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I'm a software developer, but I understand the benefits of virtualization.

I asked our IT guy to buy a new HP Proliant with a Smart Array controller in RAID 5. We are a very small company, so I had originally suggested XenServer because it seems to be the free one that offers more features.

He said XenServer doesn't have the drivers for the P410 controller in RAID 5 (but it recognizes the disks if not in RAID configuration) and he would have to recompile the kernel... not sure how to take that information...

So he opted for the VMWare vSphere Hypervisor (the free one), but now says that vmware requires partitioning the storage according to the number of virtual servers to be installed in that host... I find it very puzzling and against the benefits of virtualization... so how true is that?

I found the vmware website very hard to navigate and find objective information, is there a better place to go?

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Not true.

The only 'official' information about ESX Partitioning is in the Install and Configure Guide

There is a configuration maximum of 256 virtual machines per volume.

Many recommendations exist regarding VMs (or virtual disks) per datastore, but they are usually based on the workload that is running on the VM.

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I think their site is purposefully bad, VMware wants you to buy ESX, Buy Support, Buy training buy more licenses... and so on. I think the real emphasis is that you will give them more money than their support is worth, and they'll dedicate a couple guys to you.

When I build out an esxi host I don't really partition out anything - ESXi sees the disks you have, and then you just put VMs in there and allocate space as you need it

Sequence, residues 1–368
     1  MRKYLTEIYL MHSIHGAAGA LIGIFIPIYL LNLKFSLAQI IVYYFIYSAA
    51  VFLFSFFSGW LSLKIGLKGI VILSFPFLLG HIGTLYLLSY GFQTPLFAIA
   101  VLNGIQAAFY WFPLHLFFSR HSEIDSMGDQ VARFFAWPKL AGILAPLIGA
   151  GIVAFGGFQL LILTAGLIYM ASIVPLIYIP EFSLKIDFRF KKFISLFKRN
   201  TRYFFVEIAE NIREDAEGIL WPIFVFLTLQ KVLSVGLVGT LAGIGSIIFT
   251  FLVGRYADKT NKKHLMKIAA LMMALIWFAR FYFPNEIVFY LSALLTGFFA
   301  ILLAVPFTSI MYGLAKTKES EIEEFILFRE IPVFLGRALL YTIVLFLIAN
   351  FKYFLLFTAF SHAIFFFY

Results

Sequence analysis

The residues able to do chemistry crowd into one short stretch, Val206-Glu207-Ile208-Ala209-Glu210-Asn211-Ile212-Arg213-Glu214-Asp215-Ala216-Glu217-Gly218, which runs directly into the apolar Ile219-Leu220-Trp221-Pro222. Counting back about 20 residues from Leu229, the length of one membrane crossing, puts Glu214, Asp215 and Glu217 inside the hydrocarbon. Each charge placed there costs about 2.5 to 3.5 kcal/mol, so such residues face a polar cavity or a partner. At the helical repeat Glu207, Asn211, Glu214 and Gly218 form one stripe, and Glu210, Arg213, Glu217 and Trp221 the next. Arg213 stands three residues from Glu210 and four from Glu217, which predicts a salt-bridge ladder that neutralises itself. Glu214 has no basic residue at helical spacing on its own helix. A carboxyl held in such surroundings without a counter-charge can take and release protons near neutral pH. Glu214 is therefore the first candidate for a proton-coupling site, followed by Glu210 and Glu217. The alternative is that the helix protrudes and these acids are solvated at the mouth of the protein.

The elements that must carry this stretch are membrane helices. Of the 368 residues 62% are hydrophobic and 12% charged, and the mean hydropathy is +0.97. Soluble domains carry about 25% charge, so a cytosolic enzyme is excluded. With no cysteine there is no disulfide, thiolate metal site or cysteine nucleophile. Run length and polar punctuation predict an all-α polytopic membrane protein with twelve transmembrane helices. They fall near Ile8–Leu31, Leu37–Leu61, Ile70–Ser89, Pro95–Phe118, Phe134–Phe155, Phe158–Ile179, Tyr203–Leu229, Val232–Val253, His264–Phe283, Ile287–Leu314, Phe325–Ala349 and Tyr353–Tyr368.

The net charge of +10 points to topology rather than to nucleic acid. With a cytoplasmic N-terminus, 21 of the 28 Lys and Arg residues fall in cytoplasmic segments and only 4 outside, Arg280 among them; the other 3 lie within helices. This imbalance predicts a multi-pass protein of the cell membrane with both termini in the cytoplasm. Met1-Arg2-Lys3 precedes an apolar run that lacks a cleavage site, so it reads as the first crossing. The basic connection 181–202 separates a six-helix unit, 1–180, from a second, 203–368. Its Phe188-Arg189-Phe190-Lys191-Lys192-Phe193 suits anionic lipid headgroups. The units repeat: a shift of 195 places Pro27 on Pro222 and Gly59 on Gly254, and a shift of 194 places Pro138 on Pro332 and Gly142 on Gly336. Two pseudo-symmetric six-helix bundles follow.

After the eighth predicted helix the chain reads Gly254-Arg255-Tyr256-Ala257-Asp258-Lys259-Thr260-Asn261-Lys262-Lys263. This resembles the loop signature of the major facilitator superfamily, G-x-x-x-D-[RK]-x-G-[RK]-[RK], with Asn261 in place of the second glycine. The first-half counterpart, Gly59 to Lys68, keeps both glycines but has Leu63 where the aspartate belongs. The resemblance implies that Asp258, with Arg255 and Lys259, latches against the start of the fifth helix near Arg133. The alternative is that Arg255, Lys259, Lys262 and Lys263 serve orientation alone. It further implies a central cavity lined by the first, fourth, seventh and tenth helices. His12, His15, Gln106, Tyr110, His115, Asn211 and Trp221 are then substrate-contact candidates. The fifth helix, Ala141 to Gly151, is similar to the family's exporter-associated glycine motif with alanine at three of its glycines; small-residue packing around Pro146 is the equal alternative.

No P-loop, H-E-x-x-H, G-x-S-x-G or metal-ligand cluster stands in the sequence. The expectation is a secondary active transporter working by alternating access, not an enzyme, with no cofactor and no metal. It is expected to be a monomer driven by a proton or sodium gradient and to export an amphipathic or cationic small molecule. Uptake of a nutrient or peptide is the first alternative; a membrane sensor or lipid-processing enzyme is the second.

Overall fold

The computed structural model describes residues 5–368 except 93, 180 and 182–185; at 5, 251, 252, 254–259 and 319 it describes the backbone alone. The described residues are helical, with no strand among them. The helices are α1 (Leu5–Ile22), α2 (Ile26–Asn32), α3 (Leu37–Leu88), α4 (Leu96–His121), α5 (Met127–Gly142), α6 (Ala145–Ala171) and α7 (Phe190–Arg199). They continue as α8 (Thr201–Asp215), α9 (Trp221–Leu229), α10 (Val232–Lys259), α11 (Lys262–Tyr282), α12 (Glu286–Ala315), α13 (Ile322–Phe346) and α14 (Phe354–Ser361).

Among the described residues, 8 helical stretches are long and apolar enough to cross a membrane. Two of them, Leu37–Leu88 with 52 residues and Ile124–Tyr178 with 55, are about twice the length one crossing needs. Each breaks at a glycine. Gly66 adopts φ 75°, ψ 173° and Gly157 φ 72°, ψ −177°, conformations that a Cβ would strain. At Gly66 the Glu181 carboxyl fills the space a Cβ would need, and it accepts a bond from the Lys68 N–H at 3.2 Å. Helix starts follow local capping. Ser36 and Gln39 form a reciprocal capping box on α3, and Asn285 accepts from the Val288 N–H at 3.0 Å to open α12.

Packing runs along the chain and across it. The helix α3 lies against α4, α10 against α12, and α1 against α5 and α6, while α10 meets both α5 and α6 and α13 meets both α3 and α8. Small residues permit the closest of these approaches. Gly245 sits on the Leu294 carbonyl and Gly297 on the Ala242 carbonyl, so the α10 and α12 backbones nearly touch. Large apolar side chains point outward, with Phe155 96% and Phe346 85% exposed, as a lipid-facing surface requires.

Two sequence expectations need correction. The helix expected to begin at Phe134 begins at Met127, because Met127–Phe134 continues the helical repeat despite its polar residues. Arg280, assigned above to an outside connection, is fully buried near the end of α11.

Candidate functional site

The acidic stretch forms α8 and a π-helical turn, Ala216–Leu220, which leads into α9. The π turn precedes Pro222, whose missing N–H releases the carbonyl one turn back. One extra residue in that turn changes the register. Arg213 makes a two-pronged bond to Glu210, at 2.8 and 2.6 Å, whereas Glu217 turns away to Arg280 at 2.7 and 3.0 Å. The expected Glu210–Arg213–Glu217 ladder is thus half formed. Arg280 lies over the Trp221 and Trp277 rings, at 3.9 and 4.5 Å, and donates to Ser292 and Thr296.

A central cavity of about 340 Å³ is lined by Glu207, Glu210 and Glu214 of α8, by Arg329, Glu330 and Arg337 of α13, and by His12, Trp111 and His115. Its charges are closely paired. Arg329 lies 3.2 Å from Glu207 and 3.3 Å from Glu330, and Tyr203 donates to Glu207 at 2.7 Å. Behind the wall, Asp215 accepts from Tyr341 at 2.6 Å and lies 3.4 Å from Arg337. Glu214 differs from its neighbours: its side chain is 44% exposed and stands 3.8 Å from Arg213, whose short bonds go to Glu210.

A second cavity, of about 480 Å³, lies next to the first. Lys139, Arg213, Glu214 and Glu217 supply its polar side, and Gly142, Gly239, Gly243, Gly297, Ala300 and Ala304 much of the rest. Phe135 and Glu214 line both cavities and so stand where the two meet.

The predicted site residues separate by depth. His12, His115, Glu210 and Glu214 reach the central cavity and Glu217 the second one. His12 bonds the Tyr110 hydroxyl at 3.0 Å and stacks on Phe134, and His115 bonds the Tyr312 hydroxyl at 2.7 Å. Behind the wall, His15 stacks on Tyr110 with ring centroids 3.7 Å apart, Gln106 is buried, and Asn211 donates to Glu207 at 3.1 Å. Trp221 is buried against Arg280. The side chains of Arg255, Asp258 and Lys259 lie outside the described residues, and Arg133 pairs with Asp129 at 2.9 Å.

You do have the option to create 'resource pools' but for smaller operations you probably don't need to worry about 'resource pools', as you can probably get away with out that feature.

So I don't know why he wants to 'partition the storage'.

As far as ESXi goes, its a decent hypervisor, and if the company you work for might see some expansion it could benifit from paid features in ESX (more cores per license, easier backups, better fault tolerance). Xen is ok too, haven't used it as much, but its just as easy as ESXi (and I think some things are a little easier since once you get into the OS you have a lot more tools at your hands than available in ESXi).

And yes, ESXi usually does have a wider array of driver support, although it has its problems too.

As far as an alternative what do you want to look at ? here is a how to article on creating VM's. I haven't seen much in the way of 'best practices' for partitioning storage, but for a small company I can't even imagine why you would want to 'partition' it. Just use it as you need it and buy more disk when you need more!

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probably best to keep editorial type of opinions out of answers – Reality Extractor Apr 3 '14 at 6:33

Prepartitioning is not required. You must check your hw in the VMware HCL Database: check your RAID controller and your disks. If you found your hw there you won need any drivers.

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What your "IT guy" is talking about is most likely that you have to take the raw disks and you have to create what VMware calls datastores. The datastores are containers that are formatted with the VMFS file system. VMs then reside within datastores.

Some "IT guys" create a datastore for each VM, but that approach is problematic because you can only have one datastore per LUN, so they then have to create a LUN for each VM as well. The admin overhead is crazy and there is little to no good reason for doing that.

Since each LUN can only have one datastore on it the datastore size usually equals the LUN size. Subsequently multiple VMs can reside within a single datastore.

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